The Flowers of Time is the third in my Lost in Time magical universe. It’s a paranormal-historical-romantic suspense set in England and the Himalayas in the 1780s. It’s a love story between Edie, a determined lady botanist and Jones, a non-binary explorer. They travel across the mountains searching for rare flowers and trying to work out what killed Jones’ father three years before. There are monsters and yaks and a dog and mysterious caves and kissing. You can find it on all the major ebook platforms!
It was great having you be a part of MTA, Ally! I listened to the clip of you reading a chapter, and what a lovely voice you have. Captivating! All the best to you! –Camilla
Jones is determined to find out what caused the unexpected death of her father whilst they were exploring ancient ruins in the Himalayas. She’s never been interested in the idea of the marriage bed, but along with a stack of books and coded journals he’s left her with the promise she’ll travel back to England for the first time since childhood and try being the lady she’s never been.
Edie and her brother are leaving soon on a journey to the Himalayas to document and collect plants for the new Kew Gardens when she befriends Miss Jones in London. She’s never left England before and is delighted to learn that the lady will be returning to the mountains she calls home at the same time they are planning their travels. When they meet again in Srinagar, Edie is surprised to find that here the Miss Jones of the London salons is ‘just Jones’ the explorer, clad in breeches and boots and unconcerned with the proprieties Edie has been brought up to respect.
A non-binary explorer and a determined lady botanist make the long journey over the high mountain passes to Little Tibet, collecting flowers and exploring ruins on the way. Will Jones discover the root of the mysterious deaths of her parents? Will she confide in Edie and allow her to help in the quest? It’s a trip fraught with perils for both of them, not least those of the heart.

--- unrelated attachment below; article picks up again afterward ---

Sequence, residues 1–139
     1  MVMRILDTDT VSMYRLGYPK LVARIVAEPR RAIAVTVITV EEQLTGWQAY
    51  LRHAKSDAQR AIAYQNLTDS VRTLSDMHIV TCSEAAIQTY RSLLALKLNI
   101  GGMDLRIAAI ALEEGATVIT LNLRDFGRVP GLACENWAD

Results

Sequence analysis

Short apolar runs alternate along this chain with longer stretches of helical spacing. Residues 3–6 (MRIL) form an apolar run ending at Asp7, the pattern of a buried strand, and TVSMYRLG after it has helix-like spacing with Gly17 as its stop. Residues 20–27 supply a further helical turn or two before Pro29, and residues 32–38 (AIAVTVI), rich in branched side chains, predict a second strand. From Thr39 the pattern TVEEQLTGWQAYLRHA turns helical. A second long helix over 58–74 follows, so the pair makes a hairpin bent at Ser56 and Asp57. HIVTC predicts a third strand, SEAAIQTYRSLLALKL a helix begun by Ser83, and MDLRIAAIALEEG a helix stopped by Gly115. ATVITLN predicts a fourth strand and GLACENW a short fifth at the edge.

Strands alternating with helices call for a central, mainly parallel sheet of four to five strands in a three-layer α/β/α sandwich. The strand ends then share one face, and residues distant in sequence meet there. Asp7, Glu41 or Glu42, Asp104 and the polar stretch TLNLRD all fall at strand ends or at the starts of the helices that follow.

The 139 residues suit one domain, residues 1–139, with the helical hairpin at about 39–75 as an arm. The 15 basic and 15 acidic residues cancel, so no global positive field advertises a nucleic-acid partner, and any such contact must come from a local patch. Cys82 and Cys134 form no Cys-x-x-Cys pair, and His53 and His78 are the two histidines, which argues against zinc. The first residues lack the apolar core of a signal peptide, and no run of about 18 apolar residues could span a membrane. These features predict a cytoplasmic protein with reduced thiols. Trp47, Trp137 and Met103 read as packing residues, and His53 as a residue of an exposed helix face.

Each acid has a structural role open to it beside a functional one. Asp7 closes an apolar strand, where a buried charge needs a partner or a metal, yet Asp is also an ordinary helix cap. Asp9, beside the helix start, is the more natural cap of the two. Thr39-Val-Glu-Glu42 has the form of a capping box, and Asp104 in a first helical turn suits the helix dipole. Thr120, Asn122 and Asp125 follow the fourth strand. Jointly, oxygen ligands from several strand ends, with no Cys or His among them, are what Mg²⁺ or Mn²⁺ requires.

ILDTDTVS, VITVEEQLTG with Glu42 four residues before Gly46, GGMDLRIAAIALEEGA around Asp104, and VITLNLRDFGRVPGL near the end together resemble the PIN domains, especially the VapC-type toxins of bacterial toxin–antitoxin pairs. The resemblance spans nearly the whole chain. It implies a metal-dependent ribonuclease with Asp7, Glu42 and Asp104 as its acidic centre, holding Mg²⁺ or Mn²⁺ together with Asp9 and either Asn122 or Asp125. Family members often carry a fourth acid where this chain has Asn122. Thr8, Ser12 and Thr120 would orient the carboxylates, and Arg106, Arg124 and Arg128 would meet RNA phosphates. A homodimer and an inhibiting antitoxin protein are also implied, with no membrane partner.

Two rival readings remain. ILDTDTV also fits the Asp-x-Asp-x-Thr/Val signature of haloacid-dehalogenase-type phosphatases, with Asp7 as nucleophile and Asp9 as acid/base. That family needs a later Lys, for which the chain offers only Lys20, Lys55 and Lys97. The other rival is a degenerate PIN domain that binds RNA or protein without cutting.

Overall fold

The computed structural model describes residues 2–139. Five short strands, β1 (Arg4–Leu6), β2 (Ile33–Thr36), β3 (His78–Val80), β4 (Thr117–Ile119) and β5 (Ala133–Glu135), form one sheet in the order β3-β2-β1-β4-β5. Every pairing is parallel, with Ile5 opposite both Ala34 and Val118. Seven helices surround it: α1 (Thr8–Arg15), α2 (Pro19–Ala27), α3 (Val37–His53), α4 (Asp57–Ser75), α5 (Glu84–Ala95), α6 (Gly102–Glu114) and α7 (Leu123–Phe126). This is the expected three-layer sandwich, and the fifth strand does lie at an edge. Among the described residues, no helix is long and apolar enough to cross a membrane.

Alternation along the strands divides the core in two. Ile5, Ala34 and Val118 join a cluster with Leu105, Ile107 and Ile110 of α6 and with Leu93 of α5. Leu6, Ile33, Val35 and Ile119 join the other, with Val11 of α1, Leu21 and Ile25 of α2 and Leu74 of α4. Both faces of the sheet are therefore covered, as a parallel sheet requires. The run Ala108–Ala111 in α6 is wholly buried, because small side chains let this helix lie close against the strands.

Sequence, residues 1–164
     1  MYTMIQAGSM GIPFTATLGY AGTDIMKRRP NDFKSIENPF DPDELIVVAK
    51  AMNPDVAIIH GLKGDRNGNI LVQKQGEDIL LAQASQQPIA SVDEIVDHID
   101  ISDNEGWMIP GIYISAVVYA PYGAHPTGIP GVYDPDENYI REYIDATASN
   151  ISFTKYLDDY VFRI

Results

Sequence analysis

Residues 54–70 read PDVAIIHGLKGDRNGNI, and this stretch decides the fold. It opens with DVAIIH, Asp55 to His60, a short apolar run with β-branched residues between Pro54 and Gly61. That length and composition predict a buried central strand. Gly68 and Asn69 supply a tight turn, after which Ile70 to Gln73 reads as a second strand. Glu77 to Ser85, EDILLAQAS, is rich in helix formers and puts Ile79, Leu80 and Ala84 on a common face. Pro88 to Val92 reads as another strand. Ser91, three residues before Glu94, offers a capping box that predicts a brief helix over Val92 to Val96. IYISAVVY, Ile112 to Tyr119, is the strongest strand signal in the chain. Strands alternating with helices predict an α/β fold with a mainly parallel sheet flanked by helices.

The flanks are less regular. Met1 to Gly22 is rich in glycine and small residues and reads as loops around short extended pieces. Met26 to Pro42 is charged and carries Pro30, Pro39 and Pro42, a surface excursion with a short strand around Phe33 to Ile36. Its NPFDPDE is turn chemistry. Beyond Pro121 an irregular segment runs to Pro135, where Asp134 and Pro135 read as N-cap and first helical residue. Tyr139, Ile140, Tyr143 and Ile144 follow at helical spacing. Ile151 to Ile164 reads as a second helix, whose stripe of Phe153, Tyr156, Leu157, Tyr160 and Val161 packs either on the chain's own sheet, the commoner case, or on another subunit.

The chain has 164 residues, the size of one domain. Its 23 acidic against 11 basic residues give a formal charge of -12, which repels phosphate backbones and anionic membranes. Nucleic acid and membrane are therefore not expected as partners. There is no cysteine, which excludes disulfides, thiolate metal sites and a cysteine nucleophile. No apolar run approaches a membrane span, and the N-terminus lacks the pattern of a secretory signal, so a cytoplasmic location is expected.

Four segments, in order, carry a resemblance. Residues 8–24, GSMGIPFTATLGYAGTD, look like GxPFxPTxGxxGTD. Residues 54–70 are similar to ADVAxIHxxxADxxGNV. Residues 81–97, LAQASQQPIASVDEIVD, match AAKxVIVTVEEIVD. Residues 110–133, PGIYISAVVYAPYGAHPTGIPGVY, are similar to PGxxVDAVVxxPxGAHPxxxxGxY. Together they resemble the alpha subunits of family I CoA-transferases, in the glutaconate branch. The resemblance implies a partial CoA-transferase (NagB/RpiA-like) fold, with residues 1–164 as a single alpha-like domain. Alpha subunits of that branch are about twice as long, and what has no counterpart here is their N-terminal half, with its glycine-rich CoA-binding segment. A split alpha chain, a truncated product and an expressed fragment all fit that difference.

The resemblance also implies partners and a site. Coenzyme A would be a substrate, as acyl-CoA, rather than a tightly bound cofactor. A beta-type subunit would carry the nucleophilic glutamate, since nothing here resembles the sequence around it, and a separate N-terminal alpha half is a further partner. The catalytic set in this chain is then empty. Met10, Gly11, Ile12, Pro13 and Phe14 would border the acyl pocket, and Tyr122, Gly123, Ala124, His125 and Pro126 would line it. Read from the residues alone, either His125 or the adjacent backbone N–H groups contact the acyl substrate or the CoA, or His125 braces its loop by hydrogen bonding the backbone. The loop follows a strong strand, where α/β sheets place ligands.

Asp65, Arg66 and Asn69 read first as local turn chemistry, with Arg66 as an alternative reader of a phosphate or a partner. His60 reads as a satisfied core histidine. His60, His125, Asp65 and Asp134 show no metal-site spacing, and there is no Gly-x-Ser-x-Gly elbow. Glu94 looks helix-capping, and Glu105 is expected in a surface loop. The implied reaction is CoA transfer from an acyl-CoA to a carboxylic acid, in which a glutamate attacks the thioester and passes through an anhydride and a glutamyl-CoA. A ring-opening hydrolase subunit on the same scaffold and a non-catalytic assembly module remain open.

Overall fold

The first book, Lost in Time, is currently free for the next few days as part of a bundle the publisher has put together collectively for people stuck at home. They are mostly queer romance: https://www.jms-books.com/free-c-440/
Flowers of Time booktrailer:
A.L. Lester reading an excerpt of The Flowers of Time:
Top Three Countries With the Most Traffic to Meeting the Authors in February 2020:
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Today we travel to Toronto, Ontario, Canada to chat with Peter Staadecker about how Canada’s mountainous West Coast, mushroom picking, Cape Town, South Africa, vervet monkey thieves, being an unwilling soldier, and photography set the scenes of Peter’s past and current life.
Have you lived there in Toronto your entire life?
Not yet. I moved there in 1981 thinking it would be temporary because Toronto is flat and I missed the mountains. All these years later, it’s still flat, it’s still temporary. I’m still here.
Why are you still there?
Ask my wife. I would have liked Canada’s mountainous West Coast. My wife is from France. She says the West Coast is too far from her mother and family.
And you still believe Toronto is temporary?
Don’t trample on an old man’s dreams.
Tell us about yourself.